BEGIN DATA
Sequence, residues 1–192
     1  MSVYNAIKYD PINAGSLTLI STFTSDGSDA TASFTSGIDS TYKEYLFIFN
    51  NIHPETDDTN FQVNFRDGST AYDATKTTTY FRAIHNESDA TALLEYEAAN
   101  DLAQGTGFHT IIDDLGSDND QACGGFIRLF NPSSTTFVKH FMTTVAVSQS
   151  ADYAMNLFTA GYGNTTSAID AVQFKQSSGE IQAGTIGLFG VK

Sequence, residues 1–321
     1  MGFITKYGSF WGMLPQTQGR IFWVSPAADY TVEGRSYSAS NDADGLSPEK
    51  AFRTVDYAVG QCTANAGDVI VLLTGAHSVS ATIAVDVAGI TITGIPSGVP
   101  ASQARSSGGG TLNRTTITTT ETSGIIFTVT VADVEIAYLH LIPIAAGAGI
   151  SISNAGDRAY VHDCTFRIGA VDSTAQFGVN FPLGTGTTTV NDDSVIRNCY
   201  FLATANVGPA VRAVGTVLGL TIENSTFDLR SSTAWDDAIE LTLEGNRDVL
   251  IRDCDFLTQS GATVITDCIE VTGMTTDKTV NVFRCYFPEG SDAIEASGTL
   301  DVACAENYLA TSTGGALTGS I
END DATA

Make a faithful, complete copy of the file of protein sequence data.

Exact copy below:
Sequence, residues 1–192
     1  MSVYNAIKYD PINAGSLTLI STFTSDGSDA TASFTSGIDS TYKEYLFIFN
    51  NIHPETDDTN FQVNFRDGST AYDATKTTTY FRAIHNESDA TALLEYEAAN
   101  DLAQGTGFHT IIDDLGSDND QACGGFIRLF NPSSTTFVKH FMTTVAVSQS
   151  ADYAMNLFTA GYGNTTSAID AVQFKQSSGE IQAGTIGLFG VK

Sequence, residues 1–321
     1  MGFITKYGSF WGMLPQTQGR IFWVSPAADY TVEGRSYSAS NDADGLSPEK
    51  AFRTVDYAVG QCTANAGDVI VLLTGAHSVS ATIAVDVAGI TITGIPSGVP
   101  ASQARSSGGG TLNRTTITTT ETSGIIFTVT VADVEIAYLH LIPIAAGAGI
   151  SISNAGDRAY VHDCTFRIGA VDSTAQFGVN FPLGTGTTTV NDDSVIRNCY
   201  FLATANVGPA VRAVGTVLGL TIENSTFDLR SSTAWDDAIE LTLEGNRDVL
   251  IRDCDFLTQS GATVITDCIE VTGMTTDKTV NVFRCYFPEG SDAIEASGTL
   301  DVACAENYLA TSTGGALTGS I